Moving closer to Coltsville Park, Hartford

The decade-long effort to build a national park on the site of Coltsville - gunmaker and inventor Sam Colt's showcase industrial village along the Connecticut River in Hartford - took a major step forward last week.

The Congressional Budget Office put a price tag on getting the project started - $9 million to restore and develop the surviving buildings - along with a management plan for the park. A House vote should follow, and approval is expected.

When completed, Connecticut would have quite a park. In all of its 19th century glory, Coltsville, as described in William Hosley's "Colt, the Making of an American Legend," was dominated by the "enormous brick armory at the center of a compound that included civic and industrial amenities, commercial, education, social and residential facilities for the workers, a gas works, reservoir and waterworks, a farm and produce warehouse, a river port dock and railroad depot, separate facilities for the manufacturing of gun cartridges and willow furniture and crowning the hillside above, the owner's mansion, Armsmear."

What remains includes the armory and factory, rebuilt in 1864 by Sam Colt's widow, Elizabeth, after a fire destroyed the original brick building and halted production of arms and ammunition for Union troops. A replica of the onion-shaped dome, which Mr. Colt placed on the original - possibly in tribute to one of his better customers, Czar Alexander of Russia - tops it. The original wooden dome is in the state library.

Also surviving are some cottages built for workers recruited by Mr. Colt from the basket-weaving district of Prussia to manufacture furniture from willows trees he planted to strengthen a dike along the river. He had cottages built to resemble the homes he had seen in a village near Potsdam.

The national park would be an overdue recognition of Mr. Colt, who was only 22 when he patented his revolving pistol or "six shooter." He soon found his first significant market when the U.S. Army ordered 1,000 pistols, assembled at Eli Whitney's New Haven armory during the Mexican War. The park would also honor Elizabeth Colt, the young widow who took over the factory when Sam died at 47 in 1862. She rebuilt it after the fire two years later and ran the company for the rest of the century. Also part of the national park site will be the family mansion Armsmear, an Italian-style villa with oriental minarets and domes of steel, which overlooks the factory and the Church of the Good Shepherd, with its carved pistols and pistol parts providing ornamentation not usually found in churches.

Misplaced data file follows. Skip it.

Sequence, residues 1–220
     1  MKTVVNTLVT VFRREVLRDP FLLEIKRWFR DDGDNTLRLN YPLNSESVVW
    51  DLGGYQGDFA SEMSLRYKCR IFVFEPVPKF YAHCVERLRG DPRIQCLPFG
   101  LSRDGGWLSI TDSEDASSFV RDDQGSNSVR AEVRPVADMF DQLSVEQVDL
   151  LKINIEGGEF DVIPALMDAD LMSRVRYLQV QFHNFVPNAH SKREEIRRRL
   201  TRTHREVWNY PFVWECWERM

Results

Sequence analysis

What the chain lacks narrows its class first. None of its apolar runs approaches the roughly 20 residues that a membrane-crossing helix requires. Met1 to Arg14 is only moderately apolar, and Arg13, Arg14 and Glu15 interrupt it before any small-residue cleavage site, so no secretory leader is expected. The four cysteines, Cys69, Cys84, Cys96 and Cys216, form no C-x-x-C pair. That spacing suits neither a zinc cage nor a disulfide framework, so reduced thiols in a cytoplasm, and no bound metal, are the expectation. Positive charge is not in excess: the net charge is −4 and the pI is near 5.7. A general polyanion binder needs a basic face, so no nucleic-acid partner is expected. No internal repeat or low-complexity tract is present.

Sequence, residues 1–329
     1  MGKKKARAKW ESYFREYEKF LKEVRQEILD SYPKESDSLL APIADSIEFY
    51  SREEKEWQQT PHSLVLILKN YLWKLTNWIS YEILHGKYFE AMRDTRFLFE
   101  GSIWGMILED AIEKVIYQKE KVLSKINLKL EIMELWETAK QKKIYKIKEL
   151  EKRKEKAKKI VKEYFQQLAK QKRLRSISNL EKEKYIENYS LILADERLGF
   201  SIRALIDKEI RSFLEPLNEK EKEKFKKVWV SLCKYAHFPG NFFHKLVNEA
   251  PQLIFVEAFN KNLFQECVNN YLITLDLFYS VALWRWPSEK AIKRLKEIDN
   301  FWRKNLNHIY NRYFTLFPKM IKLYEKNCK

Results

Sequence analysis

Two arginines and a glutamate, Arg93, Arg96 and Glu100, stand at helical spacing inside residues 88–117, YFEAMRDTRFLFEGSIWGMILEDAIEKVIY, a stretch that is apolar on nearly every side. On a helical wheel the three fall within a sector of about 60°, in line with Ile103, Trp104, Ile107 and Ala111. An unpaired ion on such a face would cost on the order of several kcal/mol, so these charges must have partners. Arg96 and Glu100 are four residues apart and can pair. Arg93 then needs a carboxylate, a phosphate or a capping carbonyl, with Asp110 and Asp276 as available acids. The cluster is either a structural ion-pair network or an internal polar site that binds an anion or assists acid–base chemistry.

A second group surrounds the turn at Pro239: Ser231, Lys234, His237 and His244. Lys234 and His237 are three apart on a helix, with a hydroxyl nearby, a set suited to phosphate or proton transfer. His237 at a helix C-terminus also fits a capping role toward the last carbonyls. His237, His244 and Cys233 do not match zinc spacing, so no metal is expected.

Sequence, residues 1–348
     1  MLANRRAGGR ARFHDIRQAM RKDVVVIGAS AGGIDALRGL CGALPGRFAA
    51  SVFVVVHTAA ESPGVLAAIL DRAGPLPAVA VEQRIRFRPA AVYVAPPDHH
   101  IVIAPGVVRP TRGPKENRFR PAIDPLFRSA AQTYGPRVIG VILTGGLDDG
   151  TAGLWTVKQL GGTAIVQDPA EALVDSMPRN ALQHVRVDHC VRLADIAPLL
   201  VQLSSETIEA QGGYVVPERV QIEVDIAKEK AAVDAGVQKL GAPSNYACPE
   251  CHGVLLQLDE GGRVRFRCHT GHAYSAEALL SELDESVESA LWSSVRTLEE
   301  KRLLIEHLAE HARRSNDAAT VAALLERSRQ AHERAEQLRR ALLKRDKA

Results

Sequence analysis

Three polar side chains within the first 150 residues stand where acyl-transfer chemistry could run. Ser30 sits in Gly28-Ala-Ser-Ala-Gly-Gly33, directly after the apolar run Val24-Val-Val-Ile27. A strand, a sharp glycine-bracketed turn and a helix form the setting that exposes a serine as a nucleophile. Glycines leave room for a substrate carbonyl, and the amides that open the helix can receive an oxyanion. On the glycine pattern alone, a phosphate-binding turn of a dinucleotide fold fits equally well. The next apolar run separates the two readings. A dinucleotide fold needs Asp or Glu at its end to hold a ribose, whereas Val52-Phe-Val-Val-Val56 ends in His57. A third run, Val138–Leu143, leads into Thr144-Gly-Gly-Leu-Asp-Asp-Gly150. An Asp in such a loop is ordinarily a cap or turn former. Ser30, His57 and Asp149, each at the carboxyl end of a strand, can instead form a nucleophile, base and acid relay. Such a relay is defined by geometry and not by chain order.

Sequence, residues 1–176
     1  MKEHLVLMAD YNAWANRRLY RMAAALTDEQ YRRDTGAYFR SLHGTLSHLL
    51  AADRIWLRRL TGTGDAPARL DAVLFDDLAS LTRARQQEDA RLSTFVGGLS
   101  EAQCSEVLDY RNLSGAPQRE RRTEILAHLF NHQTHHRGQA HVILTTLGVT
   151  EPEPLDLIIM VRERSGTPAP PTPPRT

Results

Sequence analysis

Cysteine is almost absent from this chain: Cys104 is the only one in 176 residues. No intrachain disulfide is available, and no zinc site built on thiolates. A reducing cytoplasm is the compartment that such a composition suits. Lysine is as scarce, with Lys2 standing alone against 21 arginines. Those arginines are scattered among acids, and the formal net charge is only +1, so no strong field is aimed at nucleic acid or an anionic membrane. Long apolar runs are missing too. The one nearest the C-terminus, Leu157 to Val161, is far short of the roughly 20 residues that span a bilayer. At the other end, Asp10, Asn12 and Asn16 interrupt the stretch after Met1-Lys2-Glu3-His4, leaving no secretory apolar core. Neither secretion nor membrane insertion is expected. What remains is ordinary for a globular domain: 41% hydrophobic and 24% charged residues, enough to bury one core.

The Wadsworth Atheneum owns the Colt mansion's furnishings and works of art. The world's largest collection of Colt firearms is now hidden away in the rarely visited Museum of Connecticut History in the state library. The plan is to loan these items to the national park for prominent display.

Bipartisan support for the national park bill, introduced more than a decade ago by Rep. John Larson, came after a Utah Republican successfully eliminated a plan to have a "Coltsville National Historical Park Advisory Commission" oversee the park instead of the National Park Service. The governor, the mayor of Hartford and members of the state's Congressional delegation, all currently - and frequently - Democrats, would have appointed the 12-member commission.

The House Natural Resource Committee voted unanimously for Rep. Larson's bill in February after the removal of the commission proposal, placing control with the National Park Service of the Interior Department. This would put the park in the most appropriate hands and remove the possibility of it becoming a patronage plum.

A national park that honors the gun-making heritage of the state would be especially welcome at a time when guns and their regulation have become a matter of sometimes bitter contention in Connecticut. Mr. Colt's guns, notably his Colt 45, "the gun that tamed the West," deserve a place in Connecticut and American history.

The editorial board is composed of the publisher and four journalists of varied editing and reporting backgrounds. The board's discussions and information gained from its meetings with political, civic, and business leaders drive the institutional voice of The Day, as expressed in its editorials. The editorial department operates separately from the newsroom.


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